Adobe InDesign Question
March 14, 2008 6:38 AM   Subscribe

I am new to Adobe InDesign and need to understand the embedding/linking of images and graphics.

Why does the software not treat an imported picture the same way as, say, PowerPoint? How does linking work? What is the best way to import graphics to ensure they stay put and optimized for offset printing. If I touch up a photo in Photoshop should I import a .psd file to InDesign or .jpg?
posted by punkfloyd to Grab Bag (14 answers total) 5 users marked this as a favorite
Why does the software not treat an imported picture the same way as, say, PowerPoint?

Because PowerPoint is a piece of shit and this is the right way to do it. Linking a graphic means that you can edit the file and it will remian properly updated in your document. It also means that it doesn't increase the size of your document, because even something as small as a two-sig newsletter would be enormous if you had print-quality images in it.

Linking is just a pointer. When you go to export or print, it takes the file at the specified location and includes it in the ouput. InDesign will tell you if your link is broken or needs to be updated.

If I touch up a photo in Photoshop should I import a .psd file to InDesign or .jpg?

There's really no reason to take the extra step to make it a jpg. I like to make my final files unlayered TIFFs, but PSD works just as well.
posted by Optimus Chyme at 6:48 AM on March 14, 2008

Because in a professional publication environment, linked files are assets that are used by many people in a team; the master copy of the asset is important and you don't "clone" things into your page layout document and forget about the original. Need to change your company logo in several thousand documents? Just change it once.

When you want to send a document out for output, you preflight it and package it.

I do photo work for print in a lossless format like TIFF (make sure you are working in CMYK, not RGB) or, if it's a duotone, EPS.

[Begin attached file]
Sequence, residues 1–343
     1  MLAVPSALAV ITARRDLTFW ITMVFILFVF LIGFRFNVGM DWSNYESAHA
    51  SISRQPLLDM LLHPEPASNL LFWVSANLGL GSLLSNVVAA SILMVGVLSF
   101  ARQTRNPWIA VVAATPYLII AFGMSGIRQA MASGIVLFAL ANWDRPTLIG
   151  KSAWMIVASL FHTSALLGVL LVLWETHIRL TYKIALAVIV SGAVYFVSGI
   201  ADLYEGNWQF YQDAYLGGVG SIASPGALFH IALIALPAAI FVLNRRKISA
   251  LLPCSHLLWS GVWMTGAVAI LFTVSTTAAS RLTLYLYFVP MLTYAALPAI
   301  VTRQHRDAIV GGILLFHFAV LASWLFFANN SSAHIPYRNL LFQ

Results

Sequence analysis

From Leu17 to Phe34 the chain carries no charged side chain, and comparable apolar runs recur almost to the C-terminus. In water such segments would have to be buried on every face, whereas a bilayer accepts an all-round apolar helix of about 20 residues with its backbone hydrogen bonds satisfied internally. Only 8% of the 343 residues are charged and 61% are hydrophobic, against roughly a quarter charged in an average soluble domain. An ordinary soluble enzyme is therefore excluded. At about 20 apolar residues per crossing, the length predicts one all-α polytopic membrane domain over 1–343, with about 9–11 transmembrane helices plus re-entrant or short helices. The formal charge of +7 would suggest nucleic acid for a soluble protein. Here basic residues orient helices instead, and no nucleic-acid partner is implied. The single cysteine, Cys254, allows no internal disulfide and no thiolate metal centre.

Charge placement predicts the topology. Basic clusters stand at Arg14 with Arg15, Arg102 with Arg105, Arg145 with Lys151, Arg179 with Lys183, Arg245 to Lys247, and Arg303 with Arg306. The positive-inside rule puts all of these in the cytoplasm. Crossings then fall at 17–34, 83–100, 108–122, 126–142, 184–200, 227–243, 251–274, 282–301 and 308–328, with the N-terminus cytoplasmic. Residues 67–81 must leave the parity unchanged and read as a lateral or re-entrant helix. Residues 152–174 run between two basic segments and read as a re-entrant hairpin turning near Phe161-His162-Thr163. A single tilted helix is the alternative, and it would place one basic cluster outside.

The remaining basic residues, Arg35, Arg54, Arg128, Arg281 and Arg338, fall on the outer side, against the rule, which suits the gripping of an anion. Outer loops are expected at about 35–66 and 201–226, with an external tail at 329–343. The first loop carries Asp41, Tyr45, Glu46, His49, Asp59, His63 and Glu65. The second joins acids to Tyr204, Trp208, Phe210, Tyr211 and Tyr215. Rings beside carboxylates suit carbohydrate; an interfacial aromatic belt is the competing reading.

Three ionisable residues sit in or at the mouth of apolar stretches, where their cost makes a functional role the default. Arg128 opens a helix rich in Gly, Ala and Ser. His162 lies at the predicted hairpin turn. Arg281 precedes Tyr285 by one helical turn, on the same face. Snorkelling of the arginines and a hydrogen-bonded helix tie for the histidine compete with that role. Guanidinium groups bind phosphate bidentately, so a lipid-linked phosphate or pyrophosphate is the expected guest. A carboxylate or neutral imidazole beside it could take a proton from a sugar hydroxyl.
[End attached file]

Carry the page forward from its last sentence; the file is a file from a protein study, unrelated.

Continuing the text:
(If you're looking for good InDesign info, InDesign Secrets is a great blog, and The InDesigner is an incredible video podcast for tutorials. It never fails to blow my mind.)
posted by bcwinters at 6:50 AM on March 14, 2008 [3 favorites]

OP's answer is spot on.

Linking works in a similar way with web pages. You don't include all of the code for the graphic elements in the page code, just a link to the file. If you update the graphic then you only have to work with it's file rather than poking around in the layout document.
posted by i_cola at 6:55 AM on March 14, 2008

Optimus Chyme is right. The philosophy behind XML and image linking is that you want InDesign to act like a layout container for arbitrary bits of content, not as a souped-up content editor. This way you can reuse things, keep organized, and reduce the number of repetitive tasks you do.
posted by cowbellemoo at 7:33 AM on March 14, 2008

Again, agreeing with Optimus Chyme. The simplest way to put this is that your printer will hate you if you embed your images.
posted by nathan_teske at 7:46 AM on March 14, 2008

Why does the file link instead of embed like PowerPoint? Optimus Chyme is right, but I'll throw in one more thing: size. When you're working with print-quality images, often these files are massive. I have in the past had to deal with outputting a linked file that was over 150MB. (That takes a while to output seps on when you're sending to an old imagesetter.) If you have 25MB worth of artwork in a file, do you want it embedded or linked?

As far as the file formats themselves, I prefer to keep my files in PSD format. This way they're easily changeable, and when I change the PSD, the link will typically auto-update.

Here's a very nice thing about the program: You can export your file to PDF with a click. This way you keep your native file and don't have to package everything for your print shop. Simply preflight the document, and then export to PDF. (Ask your print shop what version they prefer - I'm partial to PDF-X1A since it will work on about anything.) PDF is the currency of the printing industry these days.

In the meantime, you would do well to brush up on what you actually need for press output. Images need to be CMYK when done. They also need to be high-res; 300 dpi is a good rule of thumb for most press work. What this means is that typical screen resolution images won't look good on a press. ("But it looked fine on the screen" is something I hear at work all of the time.) There's a lot more to cover, but these are biggies. Work closely with your print shop and they'll help you through things.